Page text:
12. 12. Relevance What is meant by relevance? Content is relevant if it addresses the needs of a person at a specific time at the level understood by the person. Relevance - the solution to the problem of information overload. Why is it important? ★ Reduces the info overload. ★ Supports, enables scaffolding. Content part of/linked with specific learning activities Many disorganised documents Understandable by learner(s) and links to browse, often in a single area of access Just-in-time needed/requested by learner(s), not (only) placed there ‘in case’ by teacher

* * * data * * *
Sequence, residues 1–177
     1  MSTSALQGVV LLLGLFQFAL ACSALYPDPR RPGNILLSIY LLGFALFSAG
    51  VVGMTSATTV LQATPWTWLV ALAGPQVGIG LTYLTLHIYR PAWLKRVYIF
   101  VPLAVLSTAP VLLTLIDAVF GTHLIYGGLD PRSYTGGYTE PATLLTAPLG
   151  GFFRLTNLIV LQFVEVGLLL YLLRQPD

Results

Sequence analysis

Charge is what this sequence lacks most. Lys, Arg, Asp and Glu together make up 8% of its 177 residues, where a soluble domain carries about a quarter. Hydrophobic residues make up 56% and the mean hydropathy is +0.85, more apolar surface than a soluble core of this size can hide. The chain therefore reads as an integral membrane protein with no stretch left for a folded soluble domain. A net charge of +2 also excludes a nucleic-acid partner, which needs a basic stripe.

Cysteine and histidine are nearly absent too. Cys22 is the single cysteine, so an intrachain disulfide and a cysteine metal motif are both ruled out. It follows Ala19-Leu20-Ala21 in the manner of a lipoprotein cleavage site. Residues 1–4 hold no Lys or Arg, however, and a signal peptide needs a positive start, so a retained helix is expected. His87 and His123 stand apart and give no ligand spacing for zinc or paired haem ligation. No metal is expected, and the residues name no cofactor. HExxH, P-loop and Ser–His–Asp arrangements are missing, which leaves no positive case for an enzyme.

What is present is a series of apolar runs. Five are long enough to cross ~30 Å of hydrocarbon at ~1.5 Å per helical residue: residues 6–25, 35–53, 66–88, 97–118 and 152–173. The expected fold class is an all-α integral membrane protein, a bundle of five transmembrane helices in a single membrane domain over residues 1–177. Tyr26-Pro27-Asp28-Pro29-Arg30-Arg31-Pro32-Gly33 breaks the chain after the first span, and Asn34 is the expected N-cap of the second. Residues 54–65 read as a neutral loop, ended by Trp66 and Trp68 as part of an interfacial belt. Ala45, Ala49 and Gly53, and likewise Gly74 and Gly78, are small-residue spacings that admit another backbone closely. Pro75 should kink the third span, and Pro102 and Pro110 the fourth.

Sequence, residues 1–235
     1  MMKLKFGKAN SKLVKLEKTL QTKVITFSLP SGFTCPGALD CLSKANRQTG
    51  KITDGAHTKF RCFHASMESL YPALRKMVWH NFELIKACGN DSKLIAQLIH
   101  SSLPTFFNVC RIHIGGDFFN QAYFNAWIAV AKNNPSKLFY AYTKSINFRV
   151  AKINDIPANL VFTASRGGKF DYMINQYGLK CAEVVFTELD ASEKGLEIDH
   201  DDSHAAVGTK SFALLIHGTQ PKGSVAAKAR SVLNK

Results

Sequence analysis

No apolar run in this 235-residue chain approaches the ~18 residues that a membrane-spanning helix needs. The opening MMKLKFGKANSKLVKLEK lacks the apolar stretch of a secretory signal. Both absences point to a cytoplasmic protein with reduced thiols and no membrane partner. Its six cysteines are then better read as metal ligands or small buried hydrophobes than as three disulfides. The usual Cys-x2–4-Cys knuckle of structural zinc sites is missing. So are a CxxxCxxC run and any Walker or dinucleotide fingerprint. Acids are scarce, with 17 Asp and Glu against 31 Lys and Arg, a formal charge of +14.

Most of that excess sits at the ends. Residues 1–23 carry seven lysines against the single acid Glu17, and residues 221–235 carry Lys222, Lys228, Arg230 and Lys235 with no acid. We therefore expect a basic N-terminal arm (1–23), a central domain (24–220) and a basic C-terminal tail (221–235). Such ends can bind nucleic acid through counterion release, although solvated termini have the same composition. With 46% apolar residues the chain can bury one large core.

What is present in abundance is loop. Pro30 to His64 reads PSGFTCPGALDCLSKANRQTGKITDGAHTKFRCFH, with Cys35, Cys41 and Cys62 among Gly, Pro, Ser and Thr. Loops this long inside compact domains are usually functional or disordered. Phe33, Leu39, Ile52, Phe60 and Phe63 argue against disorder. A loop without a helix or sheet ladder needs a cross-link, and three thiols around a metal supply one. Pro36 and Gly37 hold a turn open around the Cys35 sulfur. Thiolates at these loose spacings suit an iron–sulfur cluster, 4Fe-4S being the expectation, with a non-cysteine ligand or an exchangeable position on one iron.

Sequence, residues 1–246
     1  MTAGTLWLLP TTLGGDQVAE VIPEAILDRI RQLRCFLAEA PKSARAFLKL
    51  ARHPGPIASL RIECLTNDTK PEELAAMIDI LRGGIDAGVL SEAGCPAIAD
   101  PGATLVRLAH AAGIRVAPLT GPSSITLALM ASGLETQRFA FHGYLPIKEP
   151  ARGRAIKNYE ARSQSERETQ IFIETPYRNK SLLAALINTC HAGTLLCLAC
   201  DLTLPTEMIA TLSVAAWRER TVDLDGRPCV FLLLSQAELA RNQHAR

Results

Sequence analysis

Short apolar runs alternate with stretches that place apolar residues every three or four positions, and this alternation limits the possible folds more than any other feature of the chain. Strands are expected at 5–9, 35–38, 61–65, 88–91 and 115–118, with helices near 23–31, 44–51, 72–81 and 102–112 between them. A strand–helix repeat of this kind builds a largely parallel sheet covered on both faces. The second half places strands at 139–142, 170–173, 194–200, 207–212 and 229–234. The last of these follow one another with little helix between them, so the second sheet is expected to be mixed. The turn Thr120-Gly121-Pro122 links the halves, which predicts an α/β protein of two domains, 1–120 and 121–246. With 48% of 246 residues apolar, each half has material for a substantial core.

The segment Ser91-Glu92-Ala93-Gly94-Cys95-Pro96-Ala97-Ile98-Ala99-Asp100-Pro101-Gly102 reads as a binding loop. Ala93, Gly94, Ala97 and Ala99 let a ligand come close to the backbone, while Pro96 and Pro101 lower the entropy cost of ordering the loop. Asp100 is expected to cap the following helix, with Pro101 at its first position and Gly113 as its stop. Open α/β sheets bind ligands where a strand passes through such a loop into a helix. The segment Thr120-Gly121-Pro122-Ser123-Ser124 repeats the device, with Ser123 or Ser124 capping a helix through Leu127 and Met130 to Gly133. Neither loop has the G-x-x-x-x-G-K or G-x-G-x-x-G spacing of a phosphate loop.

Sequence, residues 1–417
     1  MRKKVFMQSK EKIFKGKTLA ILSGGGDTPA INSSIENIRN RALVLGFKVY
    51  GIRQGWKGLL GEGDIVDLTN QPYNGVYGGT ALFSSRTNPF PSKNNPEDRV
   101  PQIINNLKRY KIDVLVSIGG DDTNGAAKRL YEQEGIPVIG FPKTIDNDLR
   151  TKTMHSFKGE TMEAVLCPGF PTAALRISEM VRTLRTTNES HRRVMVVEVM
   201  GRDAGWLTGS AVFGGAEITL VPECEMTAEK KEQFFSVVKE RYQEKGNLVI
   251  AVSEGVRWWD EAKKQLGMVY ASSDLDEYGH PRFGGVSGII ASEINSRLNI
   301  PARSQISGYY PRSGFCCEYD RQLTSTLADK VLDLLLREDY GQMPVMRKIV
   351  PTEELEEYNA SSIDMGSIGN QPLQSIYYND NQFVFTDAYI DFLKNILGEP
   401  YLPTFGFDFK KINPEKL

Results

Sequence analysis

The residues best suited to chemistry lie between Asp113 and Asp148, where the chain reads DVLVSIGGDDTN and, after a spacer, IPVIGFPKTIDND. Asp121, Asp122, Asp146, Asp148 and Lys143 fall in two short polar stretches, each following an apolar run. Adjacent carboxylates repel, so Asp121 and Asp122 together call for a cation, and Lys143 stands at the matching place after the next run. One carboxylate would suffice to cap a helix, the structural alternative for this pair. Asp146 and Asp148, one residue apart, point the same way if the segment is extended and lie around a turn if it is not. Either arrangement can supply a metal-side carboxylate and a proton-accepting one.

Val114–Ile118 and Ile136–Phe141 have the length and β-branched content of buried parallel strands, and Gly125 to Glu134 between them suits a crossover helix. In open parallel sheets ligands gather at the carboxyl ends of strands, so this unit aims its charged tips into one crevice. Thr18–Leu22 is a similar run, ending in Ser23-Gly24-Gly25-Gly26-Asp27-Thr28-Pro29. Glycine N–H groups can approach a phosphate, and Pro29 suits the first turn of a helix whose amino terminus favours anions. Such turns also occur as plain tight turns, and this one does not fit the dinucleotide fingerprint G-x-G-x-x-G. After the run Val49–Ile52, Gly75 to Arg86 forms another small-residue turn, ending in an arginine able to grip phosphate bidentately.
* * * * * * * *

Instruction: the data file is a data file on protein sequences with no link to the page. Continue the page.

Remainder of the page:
13. 13. Quality What is meant by quality? Age, topic and expertise-appropriate, trustworthy, up-to-date and readily available content that can brought into the course, created within the course and/or exported beyond the course. It does not drive the course - it enriches it. Why is it important? ★ Supports, enriches learning and improves confidence of learners to use and/or create quality content for variety of purposes. ★ Allows value of the course (commercial, links ...) to be extended beyond the course. Appropriate level of up-to-date, A few files with outdated info static and/or dynamic external (behind a pay-wall) content ... Multiple, varied examples and opportunities to create quality, public content